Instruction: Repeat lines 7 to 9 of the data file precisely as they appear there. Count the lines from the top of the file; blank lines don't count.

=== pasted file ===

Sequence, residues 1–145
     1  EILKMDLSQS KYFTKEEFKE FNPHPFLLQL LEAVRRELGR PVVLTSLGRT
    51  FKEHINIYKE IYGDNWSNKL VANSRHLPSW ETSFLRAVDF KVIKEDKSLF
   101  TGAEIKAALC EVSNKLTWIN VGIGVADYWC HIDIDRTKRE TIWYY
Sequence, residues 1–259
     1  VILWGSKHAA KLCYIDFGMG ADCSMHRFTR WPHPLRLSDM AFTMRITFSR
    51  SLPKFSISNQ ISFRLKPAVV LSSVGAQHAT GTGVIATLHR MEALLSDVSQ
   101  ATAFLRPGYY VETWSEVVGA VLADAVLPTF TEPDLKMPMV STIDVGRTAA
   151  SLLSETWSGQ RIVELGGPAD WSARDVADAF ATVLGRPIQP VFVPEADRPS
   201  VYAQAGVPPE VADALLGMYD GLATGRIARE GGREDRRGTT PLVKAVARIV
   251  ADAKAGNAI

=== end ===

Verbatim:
    51  SLPKFSISNQ ISFRLKPAVV LSSVGAQHAT GTGVIATLHR MEALLSDVSQ
   101  ATAFLRPGYY VETWSEVVGA VLADAVLPTF TEPDLKMPMV STIDVGRTAA
   151  SLLSETWSGQ RIVELGGPAD WSARDVADAF ATVLGRPIQP VFVPEADRPS